Assuming a CBA agreement is reached between the NHL and its players before this September, there will be hockey by October. Thus comes a chance for the Maple Leafs to accomplish a task they haven't been able to for about eight and a half calendar years now; make the NHL playoffs.
With the daunting task of improving the team, Brian Burke has had little success in accomplishing what he set out to do since free agency began 10 days ago. Burke has stated countless times throughout the years that his trade deadline is actually July 1. Now with three months to go until a potential new season, where do the Leafs need to improve?
Well, if the Leafs want to make the playoffs, a goaltender has to be on his list of acquisitions. As much as the fans and media want to believe that James Reimer and Ben Scrivens can be the tandem to take them to the eighth spot or better, being young and inexperienced, it seems unlikely. If Brian Burke thinks he is fooling either group, then he greatly underestimates the expectations of the people of Toronto that have been waiting for success for nearly a decade.
There is no easy way to address the teams needs this offseason as free agency is light on talent and the trade market will likely entail depleting the prospect depth of the organization. Yet there may be a few moves that Burke could consider involving both of those avenues of transaction. So in come the rampant rumours of Roberto Luongo's desire to want to move on from the Vancouver Canucks and the possibility of the Leafs landing him. Although I believe that having Luongo as the starting goaltender of the Leafs would almost certainly guarantee them a playoff spot, I just cannot fathom what that contract could mean to the future development of any goalie in the system for the next six years.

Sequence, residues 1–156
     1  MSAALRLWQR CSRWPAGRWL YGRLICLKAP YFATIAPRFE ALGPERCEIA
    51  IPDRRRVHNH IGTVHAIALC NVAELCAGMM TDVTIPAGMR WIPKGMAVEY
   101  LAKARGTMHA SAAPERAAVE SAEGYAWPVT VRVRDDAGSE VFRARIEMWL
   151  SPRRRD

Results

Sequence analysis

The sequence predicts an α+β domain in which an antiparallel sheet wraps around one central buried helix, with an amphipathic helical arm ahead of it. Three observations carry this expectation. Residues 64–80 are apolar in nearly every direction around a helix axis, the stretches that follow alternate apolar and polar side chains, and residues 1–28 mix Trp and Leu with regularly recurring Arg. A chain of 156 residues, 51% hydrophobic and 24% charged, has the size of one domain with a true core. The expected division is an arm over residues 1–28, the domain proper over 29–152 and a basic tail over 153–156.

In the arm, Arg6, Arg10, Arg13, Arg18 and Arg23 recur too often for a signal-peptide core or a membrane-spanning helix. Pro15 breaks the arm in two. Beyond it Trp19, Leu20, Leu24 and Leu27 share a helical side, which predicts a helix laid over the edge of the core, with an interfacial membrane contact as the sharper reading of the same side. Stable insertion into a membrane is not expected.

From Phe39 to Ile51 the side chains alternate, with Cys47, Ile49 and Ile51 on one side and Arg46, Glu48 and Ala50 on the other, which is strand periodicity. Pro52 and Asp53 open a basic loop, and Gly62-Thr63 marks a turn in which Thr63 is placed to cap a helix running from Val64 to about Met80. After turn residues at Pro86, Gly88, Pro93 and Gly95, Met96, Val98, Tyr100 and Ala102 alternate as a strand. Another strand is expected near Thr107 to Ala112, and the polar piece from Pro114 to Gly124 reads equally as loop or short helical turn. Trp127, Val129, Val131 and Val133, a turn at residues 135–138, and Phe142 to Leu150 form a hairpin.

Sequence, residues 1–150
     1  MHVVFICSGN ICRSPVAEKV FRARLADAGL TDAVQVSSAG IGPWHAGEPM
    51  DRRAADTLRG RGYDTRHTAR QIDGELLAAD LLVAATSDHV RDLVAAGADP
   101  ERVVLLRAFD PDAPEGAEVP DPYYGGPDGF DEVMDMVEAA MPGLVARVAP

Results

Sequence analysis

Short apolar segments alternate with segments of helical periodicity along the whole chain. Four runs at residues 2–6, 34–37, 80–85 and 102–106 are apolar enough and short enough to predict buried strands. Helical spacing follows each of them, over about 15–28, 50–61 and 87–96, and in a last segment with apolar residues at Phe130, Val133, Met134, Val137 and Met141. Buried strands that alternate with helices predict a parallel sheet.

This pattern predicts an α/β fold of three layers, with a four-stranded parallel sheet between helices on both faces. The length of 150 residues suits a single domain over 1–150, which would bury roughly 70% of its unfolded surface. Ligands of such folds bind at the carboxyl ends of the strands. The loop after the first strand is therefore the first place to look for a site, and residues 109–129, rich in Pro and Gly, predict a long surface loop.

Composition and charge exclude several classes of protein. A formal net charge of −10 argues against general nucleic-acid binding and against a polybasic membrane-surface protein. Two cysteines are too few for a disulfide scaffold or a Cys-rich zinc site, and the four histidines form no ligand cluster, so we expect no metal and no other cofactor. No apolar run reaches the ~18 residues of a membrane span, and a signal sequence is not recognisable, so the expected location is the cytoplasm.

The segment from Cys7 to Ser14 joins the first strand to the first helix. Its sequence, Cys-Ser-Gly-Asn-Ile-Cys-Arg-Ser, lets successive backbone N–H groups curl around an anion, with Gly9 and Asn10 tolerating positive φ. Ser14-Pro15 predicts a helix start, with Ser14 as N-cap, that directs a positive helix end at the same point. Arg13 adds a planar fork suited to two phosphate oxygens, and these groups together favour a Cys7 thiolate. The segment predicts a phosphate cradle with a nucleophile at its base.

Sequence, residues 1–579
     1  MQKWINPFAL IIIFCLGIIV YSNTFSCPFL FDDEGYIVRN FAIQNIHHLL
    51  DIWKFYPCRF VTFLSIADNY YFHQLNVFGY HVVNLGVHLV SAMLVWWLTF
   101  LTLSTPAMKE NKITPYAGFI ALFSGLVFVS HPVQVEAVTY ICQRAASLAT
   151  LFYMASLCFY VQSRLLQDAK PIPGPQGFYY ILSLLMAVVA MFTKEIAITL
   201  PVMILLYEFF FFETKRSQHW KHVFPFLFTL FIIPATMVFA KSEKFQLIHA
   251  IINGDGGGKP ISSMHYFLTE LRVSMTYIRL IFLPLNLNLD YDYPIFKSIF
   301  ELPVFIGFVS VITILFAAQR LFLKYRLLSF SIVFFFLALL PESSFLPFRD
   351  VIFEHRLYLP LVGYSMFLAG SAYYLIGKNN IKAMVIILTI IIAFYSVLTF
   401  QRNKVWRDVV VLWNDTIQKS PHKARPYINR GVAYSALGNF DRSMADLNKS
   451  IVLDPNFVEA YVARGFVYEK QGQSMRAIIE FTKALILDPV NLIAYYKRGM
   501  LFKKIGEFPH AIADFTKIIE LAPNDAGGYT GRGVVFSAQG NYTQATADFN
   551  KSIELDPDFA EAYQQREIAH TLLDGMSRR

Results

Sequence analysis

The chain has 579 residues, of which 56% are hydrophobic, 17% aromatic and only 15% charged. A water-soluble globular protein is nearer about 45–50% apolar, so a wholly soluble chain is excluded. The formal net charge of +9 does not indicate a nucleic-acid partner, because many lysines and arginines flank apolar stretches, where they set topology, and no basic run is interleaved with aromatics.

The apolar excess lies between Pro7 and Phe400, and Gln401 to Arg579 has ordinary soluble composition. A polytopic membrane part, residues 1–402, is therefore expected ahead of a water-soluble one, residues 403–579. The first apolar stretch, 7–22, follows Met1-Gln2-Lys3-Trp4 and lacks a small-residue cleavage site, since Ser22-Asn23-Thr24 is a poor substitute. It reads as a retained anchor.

There is no doubt that James Reimer is not a a true number one goalie ight now but he has shown stints of excellence during his time with the team. If Luongo comes to Toronto you may see a potential starting goaltender that is about 10 years younger wasting away as the back-up. This would mean he would likely ask for a trade and hurt the Leafs down the road by eliminating them from the playoffs. Ok, maybe I'm getting ahead of myself here but it makes sense doesn't it? How many times has the Leafs traded away a potential star prospect for a supposed true star player only to have the player they traded away have more success then the entire franchise? Tuukaa Rask anyone? So the suggested move I'm proposing regarding goaltending is to stand pat. I realize that this doesn't get the team to the playoffs any quicker but may actually benefit the organization in the long run.
At the forward position things are getting a little crowded to say the least. With the signing of Jay McClement on July 1 the Leafs now have eight NHL ready centres in the system.
- Tim Connolly
- Jay McClement
- David Steckel
- Tyler Bozak
- Matthew Lombardi
- Mikhael Grabovski
- Nazem Kadri
- Joe Colborne
An argument could be made for whether or not Colborne is ready and if Kadri can step in as a productive pivot but they are both natural centres. This list just proves that some of these players will not be in blue and white in the fall. Look for Kadri to make the team and for Colborne to push for a spot at training camp. As for Bozak and Connolly, I believe their days with the Leafs are likely numbered. There is value in Connolly with one year left on his contract and Bozak may get a decent pick if the Leafs decide to trade him. Other than those two I can't see any other third or fourth line centres being movable. Either way Brian Burke needs to do something because eventually you need to stop bringing in overpaid veterans and start giving spots to upcoming prospects like Kadri/Colborne.